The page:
Chapter 12 Decision Making

  1. decision
    the choice made after considering different alternatives
  2. utilitarianism
    we should choose our actions based on what brings the greatest happiness to the greatest number of people
  3. felicific calculus
    • measuring pleasure or pain in terms of 
    • duration, intensity, propinquity, extent, certainty, purity, fecundity
  4. utility
    desirability or value of a given course of action
  5. expected utility
    • the predicted reward value of given option 
    • models typically describe behaviours that would be expected of an idealised human being who makes perfectly rational choices to maximise utility
  6. irrationality
    we have relative rather than absolute preferences
  7. uncertainty
    • inconsistent because of the uncertainty of outcome 
    • risk aversion - smaller certain over larger uncertain 
    • risk seeking - larger uncertain over smaller certain
  8. framing effect
    individuals choose options based on how they're framed and thus choose inconsistently
  9. endowment effect
    people assign more value to a given item if they own the item and a lower value to the same item if they do not own it
  10. value over time
    • we assign disproportionally high values to immediate rewards and disproportionately low value to delayed rewards 
    • marshmallow test
    • delay discounting makes it easy for us to neglect long term consequences
  11. irrational decisions can be adaptiv
    animals make irrational decisions too
  12. attribution effect
    we focus on other people's internal characteristics (like personality) to explain their behaviour, but we focus on external situations (e.g. a hard day) to explain our behaviour
  13. why do we make irrational decisions? Dual systems model
    our brain contains two systems for decision making, one is evolutionarily older (well adapted for survival in the wild, less relevant now) and one is more recent
  14. intuitive system
    unconscious implicit processes info in parallel, high capacity, reaches conclusions rapidly but can be hard to explain why those conclusions were reached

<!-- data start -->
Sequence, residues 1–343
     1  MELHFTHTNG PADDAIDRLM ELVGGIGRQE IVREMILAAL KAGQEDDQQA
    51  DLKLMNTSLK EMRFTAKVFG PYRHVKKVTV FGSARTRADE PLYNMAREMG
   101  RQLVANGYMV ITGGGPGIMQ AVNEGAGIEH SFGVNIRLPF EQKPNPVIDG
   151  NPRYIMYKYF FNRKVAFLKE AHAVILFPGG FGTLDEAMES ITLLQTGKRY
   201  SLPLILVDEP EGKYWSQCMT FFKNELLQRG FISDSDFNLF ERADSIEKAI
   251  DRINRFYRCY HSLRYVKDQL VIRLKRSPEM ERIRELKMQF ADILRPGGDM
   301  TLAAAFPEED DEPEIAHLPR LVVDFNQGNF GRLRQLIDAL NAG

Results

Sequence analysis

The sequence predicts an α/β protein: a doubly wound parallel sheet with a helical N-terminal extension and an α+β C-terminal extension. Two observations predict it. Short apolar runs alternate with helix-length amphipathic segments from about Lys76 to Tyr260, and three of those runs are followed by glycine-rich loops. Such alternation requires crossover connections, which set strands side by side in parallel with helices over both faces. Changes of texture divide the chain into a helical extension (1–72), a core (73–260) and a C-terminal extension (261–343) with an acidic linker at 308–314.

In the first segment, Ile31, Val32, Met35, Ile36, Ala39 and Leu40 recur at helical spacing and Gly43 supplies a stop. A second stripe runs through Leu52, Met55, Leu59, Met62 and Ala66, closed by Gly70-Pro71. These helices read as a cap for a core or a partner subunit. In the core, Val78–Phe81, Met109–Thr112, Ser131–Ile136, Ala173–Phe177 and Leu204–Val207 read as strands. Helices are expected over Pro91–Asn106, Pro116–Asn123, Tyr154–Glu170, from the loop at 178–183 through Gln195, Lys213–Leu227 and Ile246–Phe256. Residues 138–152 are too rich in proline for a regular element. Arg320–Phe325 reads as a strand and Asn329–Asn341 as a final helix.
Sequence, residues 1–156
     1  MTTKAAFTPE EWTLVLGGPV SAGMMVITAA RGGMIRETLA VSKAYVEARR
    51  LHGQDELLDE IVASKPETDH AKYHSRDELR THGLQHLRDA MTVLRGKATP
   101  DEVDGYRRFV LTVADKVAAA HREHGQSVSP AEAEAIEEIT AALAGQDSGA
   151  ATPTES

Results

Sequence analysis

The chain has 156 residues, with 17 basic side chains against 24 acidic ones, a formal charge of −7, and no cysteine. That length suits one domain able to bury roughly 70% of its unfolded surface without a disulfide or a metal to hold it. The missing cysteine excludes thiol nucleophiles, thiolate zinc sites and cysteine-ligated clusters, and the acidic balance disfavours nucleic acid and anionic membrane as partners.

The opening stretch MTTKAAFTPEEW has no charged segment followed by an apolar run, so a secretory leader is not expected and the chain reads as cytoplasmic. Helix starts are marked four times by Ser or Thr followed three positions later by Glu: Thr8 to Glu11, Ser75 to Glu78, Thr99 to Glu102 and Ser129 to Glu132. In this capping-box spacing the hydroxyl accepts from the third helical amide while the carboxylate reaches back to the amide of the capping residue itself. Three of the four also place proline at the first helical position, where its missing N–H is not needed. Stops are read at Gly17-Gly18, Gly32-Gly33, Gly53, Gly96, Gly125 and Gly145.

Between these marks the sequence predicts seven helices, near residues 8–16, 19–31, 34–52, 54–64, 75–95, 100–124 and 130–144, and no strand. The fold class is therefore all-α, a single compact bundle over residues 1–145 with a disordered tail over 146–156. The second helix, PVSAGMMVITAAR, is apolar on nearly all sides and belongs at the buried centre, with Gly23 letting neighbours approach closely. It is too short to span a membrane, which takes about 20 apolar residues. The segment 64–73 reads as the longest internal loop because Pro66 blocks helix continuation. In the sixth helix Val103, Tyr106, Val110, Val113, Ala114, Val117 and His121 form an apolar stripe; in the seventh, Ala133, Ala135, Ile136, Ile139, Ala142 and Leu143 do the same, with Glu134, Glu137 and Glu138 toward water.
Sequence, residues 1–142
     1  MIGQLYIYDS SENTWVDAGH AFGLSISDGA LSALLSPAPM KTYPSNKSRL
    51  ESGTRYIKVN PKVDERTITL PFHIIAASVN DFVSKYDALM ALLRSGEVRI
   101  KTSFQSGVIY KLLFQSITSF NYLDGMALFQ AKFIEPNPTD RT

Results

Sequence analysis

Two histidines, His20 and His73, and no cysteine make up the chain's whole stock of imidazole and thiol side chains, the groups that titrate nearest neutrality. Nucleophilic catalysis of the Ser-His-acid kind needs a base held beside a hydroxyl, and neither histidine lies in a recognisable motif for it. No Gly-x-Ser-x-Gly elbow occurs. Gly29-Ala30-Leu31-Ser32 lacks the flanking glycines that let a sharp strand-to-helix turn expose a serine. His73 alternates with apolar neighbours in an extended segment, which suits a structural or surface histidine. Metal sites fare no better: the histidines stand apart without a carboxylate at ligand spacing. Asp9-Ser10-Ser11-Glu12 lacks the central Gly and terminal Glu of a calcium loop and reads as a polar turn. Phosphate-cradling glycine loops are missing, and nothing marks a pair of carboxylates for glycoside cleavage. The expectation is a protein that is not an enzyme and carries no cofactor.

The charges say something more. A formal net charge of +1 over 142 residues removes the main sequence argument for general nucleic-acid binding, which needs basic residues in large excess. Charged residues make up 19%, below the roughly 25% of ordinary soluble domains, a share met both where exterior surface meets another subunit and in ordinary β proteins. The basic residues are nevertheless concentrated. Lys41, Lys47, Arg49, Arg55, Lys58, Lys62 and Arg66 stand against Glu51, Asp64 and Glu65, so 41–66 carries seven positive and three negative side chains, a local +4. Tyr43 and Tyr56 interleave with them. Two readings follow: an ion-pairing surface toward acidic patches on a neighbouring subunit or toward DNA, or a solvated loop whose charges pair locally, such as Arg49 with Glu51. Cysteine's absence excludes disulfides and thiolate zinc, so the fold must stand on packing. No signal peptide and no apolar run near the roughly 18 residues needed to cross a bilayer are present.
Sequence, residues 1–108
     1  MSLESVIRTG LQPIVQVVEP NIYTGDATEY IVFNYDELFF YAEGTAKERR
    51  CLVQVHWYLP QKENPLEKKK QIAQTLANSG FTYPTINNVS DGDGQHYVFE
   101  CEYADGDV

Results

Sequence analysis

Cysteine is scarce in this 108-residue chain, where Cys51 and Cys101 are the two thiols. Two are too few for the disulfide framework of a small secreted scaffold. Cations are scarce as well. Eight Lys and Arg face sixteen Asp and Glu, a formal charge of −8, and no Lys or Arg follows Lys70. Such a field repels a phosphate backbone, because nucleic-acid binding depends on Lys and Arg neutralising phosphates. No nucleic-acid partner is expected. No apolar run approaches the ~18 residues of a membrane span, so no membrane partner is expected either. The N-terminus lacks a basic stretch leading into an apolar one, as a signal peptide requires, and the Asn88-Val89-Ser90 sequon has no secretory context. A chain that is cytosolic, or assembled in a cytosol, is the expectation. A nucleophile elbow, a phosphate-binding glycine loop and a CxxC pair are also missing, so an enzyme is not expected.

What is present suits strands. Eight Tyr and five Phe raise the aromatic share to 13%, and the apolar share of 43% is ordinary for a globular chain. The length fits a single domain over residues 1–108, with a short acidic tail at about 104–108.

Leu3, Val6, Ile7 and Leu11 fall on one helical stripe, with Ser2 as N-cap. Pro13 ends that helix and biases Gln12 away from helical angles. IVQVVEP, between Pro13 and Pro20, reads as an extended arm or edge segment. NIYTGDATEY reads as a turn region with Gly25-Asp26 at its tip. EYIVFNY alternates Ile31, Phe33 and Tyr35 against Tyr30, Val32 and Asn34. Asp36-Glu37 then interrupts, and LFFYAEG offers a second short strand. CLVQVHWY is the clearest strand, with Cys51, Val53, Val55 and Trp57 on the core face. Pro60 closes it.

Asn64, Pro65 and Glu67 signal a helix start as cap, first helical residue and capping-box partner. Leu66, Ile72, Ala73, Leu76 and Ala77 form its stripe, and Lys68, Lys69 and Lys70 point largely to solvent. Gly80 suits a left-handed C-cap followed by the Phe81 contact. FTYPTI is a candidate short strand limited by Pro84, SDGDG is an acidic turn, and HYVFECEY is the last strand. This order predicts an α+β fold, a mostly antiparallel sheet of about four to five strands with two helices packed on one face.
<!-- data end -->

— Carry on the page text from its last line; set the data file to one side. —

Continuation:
15. rational system
    conscious, explicit, deliberate to a logical conclusion, processes info sequentially, low capacity, reaches conclusions slowly
  16. delay discounting
    make sensible decisions between two rewards when they are both in the remote future, but are impulsive when comparing rearward now to a reward later
  17. dual system model predicts that
    • 1. newer rational system should be active for decisions on future rewards
    • 2. the older, intuitive system should be active for decisions that involve immediate rewards
  18. delayed discounting in the brain
    • lateral frontal and parietal regions involved in rational system (regions active regardless of delay)
    • medial limbic regions involved in intuitive system )regions more active when there is no delay between choices and reward)

    **correlation isn't causation, inhibiting makes more likely doesn't say will
  19. delay discounting continued
    • sometimes lateral areas more active, sometimes medial more active
    • interconnected regions working together as part of decision-making circuit and their relative activity might influence what decisions we make
  20. decisions under risk
    we make decisions depending on if we stand to gain or lose from the risk (are we going to gain or lose money)
  21. decisions under risk and the brain
    • risk seeking and reward value: central striatum, ventromedial PFC
    • loss aversion and aversive stimuli: insula and amygdala
  22. framing effect and the amygdala